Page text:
ITC enters the plant-based meat market

Good Food Institute (GFI) India provides product and positioning strategic support
ITC enters the plant-based meat market

Photo - GFI/ITC

  • ITC’s food business to launch plant-based burger patties and nuggets providing the taste of chicken to consumers

  • This massive development stands to bring delicious, sustainable protein to people across the country - and the world - without breaking the planet

  • Research by GFI India indicates that 63% of non-vegetarians among urban, upward-mobile populations would be extremely likely to purchase plant-based meat regularly

Following major progress in the nascent Indian ‘plant-based meats’ landscape in the second half of 2021, the first major Indian FMCG company has announced a foray in the burgeoning sector. ITC is the manufacturer of beloved Indian food brands such as Aashirvaad atta (wheat flour) and is the choice of Indians worldwide for packaged ready-to-eat versions of heritage dishes such as daal makhani and paneer tikka. Their entry into the plant-based space is likely to impact not just domestically but also the huge export market.

ITC Limited’s food business will launch plant-based burger patties and nuggets providing chicken taste to consumers through retail, e-commerce, and foodservice establishments in the country’s top 8 cities, advised by expert nonprofit Good Food Institute India (GFI India) on product and positioning strategy.

Varun Deshpande, managing director at the Good Food Institute India, said, “Smart protein and plant-based meats are a generational opportunity to align planetary health stewardship, public health resilience, and economic growth. While entrepreneurs are blazing a trail in building the category, mega-corporations with their distribution heft, deep R&D capabilities, and intimate involvement in consumers’ lives can take a nascent phenomenon to the next level. ITC Ltd’s visionary foray into plant-based meats and focus on providing non-vegetarian eaters with the meat products they know and love will further accelerate the sector, bringing delicious, sustainable protein into the true mass market and onto plates across the country.”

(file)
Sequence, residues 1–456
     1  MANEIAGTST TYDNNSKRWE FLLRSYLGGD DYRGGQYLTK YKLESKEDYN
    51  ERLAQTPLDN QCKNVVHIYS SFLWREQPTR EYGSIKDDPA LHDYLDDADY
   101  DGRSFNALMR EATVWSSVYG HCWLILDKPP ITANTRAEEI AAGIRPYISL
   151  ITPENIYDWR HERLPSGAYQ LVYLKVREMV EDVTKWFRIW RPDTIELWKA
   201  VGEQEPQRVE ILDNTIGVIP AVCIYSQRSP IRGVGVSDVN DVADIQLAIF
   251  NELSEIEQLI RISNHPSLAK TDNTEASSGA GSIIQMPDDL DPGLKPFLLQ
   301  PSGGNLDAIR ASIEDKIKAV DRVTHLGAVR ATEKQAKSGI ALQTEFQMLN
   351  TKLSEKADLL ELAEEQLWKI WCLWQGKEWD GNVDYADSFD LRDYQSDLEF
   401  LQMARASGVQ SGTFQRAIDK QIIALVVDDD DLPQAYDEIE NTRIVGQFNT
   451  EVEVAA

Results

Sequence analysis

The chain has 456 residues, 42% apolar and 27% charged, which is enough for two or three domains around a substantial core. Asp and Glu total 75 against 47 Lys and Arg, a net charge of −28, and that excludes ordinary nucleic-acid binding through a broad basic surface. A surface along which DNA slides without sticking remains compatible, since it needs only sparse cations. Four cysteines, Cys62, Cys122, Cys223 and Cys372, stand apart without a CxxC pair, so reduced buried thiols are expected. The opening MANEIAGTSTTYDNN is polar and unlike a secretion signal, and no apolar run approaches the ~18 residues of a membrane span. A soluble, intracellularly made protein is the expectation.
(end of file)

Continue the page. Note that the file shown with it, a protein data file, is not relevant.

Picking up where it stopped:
Hemant Malik, divisional chief executive - Foods, ITC, said “There is no large pan-Indian brand in the plant-based protein segment in India. We have worked with some global partners to ensure no compromise on the product texture, quality, and taste. We want to enjoy the early mover advantage in India. The meat market is huge, with 72% of Indians being non-vegetarians, and [the market] is estimated today at $45 billion. Given the growing concerns around wellness and sustainability, India has the potential to emerge as a large market for plant-based alternatives.”

Plant-based meats are at the forefront of the broader ‘smart protein’ or ‘alternative protein’ landscape, aimed at replicating the sensory and cultural resonance of meat dishes beloved around the world, but without the negative implications for planetary and public health. Globally, companies like Impossible Foods and Beyond Meat have raised hundreds of millions of dollars, gone public on the stock market, and scaled across the globe while using just a small fraction of the land, water, and energy that their conventional animal meat counterparts require - all with lower greenhouse gas emissions and without the risk of zoonotic disease or antimicrobial resistance.

The global smart protein sector attracted over US $ 3.5 billion in venture capital in 2021 (following US $ 3.1 billion in 2020), indicating that investors and consumers worldwide are warming up to the idea of conscious consumption. Large food and conventional meat corporations like JBS, Tyson Foods, Nestle, and Unilever have also invested significantly in the space. While plant-based meat startups like Riteish & Genelia Deshmukh’s Imagine Meats and Sandeep Singh’s Blue Tribe Foods have captured the Indian imagination over the last year, ITC is now the first major Indian FMCG player to do so.

Research by GFI India indicates that 63% of non-vegetarians among urban, upward-mobile populations would be highly likely to purchase plant-based meat regularly, driven by guilt around meat-eating as well as curiosity and aspiration surrounding next-generation plant-based meat products. This ‘early adopter’ market makes fertile ground for initial experimentation. A significant multi-billion dollar opportunity in the larger mass market is up for grabs as consumer awareness builds and more players enter the market.

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